How to perform the push-up fitness assessment

The push-up fitness assessment (which is also called the press-up test) is a basic fitness test which is used by coaches, personal trainers, and athletes in order to assess upper body fitness as well as to monitor progress during the course of strength and fitness training. This simple fitness assessment helps you to compare your own upper body muscular endurance to others of your age and gender. In addition, the push-up fitness assessment assists you with tracking your fitness programme over time.

There are several variations of the push-up test, with differences being seen in:

  • The placement of the hands,
  • How far to dip,
  • The duration of the test, as well as
  • The method of counting the number of completed push-ups.

The possible equipment required during the push-up test include a:

  • Floor mat,
  • Metronome (or audio recording, clapping, drums),
  • Stopwatch,
  • Wall, and
  • Chairs

The equipment that you use will depend on the test protocol that you use.

The procedure for a push-up test

A standard push-up beings with the hands and toes touching the floor. The fitness participant’s body and legs must be in a straight line with their feet slightly apart and their arms shoulder-width apart. The shoulders must be extended and at right angles to the body.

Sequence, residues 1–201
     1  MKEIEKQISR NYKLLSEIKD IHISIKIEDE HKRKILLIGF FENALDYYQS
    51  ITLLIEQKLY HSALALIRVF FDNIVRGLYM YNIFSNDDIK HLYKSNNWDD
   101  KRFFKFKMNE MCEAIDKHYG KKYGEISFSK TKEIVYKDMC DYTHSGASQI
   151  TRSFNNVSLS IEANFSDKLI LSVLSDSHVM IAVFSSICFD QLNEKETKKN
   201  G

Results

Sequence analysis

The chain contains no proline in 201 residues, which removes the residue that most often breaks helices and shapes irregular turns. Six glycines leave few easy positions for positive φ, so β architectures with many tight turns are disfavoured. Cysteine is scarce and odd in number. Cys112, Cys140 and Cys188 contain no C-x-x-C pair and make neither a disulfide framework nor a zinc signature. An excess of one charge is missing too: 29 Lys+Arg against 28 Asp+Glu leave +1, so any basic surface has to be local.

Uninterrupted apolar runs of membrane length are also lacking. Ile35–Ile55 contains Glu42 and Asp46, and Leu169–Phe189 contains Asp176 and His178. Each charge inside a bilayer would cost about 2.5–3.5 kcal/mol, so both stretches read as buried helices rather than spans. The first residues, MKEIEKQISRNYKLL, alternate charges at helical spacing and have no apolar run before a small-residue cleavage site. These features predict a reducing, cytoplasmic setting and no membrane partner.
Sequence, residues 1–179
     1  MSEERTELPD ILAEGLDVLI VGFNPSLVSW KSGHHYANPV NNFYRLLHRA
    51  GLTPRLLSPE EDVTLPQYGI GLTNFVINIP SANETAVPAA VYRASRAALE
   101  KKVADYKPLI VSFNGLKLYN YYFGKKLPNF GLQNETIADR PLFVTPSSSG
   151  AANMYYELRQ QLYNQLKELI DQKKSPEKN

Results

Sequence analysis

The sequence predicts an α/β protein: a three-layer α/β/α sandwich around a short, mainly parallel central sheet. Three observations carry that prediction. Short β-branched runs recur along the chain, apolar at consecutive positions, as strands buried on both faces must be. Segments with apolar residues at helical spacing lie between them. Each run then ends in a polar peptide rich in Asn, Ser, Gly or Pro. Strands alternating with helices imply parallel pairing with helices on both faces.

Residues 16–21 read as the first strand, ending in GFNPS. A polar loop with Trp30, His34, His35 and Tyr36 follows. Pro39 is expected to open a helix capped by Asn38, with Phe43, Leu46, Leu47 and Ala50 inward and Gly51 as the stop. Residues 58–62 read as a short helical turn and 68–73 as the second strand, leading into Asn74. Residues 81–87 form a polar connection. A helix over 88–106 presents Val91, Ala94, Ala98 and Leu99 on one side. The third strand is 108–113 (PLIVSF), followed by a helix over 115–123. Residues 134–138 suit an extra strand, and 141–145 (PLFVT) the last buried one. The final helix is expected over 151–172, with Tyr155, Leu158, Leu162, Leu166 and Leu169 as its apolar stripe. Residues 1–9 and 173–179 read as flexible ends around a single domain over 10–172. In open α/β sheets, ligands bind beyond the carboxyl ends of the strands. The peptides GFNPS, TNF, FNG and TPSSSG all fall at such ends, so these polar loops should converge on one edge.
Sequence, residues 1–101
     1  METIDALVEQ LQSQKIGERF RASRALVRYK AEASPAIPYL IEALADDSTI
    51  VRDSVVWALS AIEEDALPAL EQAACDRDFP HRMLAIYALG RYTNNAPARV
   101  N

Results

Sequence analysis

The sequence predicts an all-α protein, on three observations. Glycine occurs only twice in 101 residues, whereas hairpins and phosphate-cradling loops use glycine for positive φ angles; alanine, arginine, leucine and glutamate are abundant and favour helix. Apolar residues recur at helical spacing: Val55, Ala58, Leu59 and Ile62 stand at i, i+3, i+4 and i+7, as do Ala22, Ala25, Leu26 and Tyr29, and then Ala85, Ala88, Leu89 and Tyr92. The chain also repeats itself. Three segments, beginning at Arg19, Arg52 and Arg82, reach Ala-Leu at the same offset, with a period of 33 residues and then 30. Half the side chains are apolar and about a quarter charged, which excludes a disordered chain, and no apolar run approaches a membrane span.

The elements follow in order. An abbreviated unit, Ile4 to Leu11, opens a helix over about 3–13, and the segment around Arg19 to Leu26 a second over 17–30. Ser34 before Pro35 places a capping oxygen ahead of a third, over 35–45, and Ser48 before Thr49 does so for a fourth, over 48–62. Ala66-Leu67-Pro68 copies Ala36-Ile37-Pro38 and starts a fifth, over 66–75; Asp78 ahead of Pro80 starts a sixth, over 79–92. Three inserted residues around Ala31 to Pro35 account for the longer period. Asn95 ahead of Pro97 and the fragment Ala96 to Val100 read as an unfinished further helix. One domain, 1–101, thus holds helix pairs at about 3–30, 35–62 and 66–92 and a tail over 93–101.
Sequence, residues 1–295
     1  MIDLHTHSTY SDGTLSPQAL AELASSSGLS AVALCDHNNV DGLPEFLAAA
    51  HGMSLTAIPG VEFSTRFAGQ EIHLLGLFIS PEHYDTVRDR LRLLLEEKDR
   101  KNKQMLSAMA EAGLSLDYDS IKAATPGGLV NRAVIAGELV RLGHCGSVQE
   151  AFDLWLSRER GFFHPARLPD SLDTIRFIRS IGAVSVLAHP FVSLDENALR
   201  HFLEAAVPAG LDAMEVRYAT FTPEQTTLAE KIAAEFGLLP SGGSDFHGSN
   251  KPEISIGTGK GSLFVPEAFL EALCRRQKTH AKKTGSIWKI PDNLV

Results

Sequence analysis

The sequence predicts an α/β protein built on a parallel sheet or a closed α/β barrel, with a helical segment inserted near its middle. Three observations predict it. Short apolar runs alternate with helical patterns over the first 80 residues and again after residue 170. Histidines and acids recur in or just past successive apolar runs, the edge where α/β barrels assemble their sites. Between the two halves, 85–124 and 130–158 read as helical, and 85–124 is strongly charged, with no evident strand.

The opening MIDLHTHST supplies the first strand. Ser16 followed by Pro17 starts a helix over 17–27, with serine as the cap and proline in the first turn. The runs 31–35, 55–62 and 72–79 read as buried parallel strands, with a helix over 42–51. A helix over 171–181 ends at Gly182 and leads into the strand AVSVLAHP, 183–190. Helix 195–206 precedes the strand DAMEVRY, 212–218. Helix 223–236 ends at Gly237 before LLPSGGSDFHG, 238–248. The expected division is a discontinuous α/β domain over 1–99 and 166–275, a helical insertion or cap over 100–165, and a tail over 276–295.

Keeping the back and knees straight, the fitness participant will lower his or her body to:

  • A predetermined point,
  • Touch some other object, or
  • A point where there is a 90-degree angle at the elbows.

The next movement will be returning back to the starting point with the arms extended.

This action continues. The test is repeated until exhaustion or until the fitness participant can do no more in rhythm or has reached the target number of push-ups.

How to do a modified push-up test

The fitness participant needs to begin by getting down on their hands and knees with their hands just outside shoulder width as well as slightly forward of their shoulders. The fitness participant’s knees should be directly aligned with their hips. They need to keep their abdomen tight and their spine in a neutral position.

Inhale and bend the elbows. Lower the chest to 90 degrees at the elbows. Exhale and push up so that the arms are straight. Make sure that the elbows aren’t completely locked. Attempt doing two sets of between 10 and 12 repetitions.

If the fitness participant can’t go to 90 degrees at the elbow, tell them that they need to just go to a comfortable position until they can work up to 90 degrees.

The push-up works the chest, triceps and shoulders.

Here is a list of other variations:

  • The Hand Release Push-up is a new USA army push-up fitness assessment. During this test, the hands are lifted up off the ground while the fitness participant is in the down position.
  • The Cadence Push-Up Test is used in the President’s Challenge.
  • The Beep Push-Up Test also falls under the umbrella of cadence fitness tests but it is performed at a faster rate.
  • The Chair Push-Up test is an easier version for the young or unfit.
  • Home Push-Up is a simple fitness assessment that can be done at home.
  • During the Isometric Push-Up, the starting ‘up’ position is held for as long as possible.

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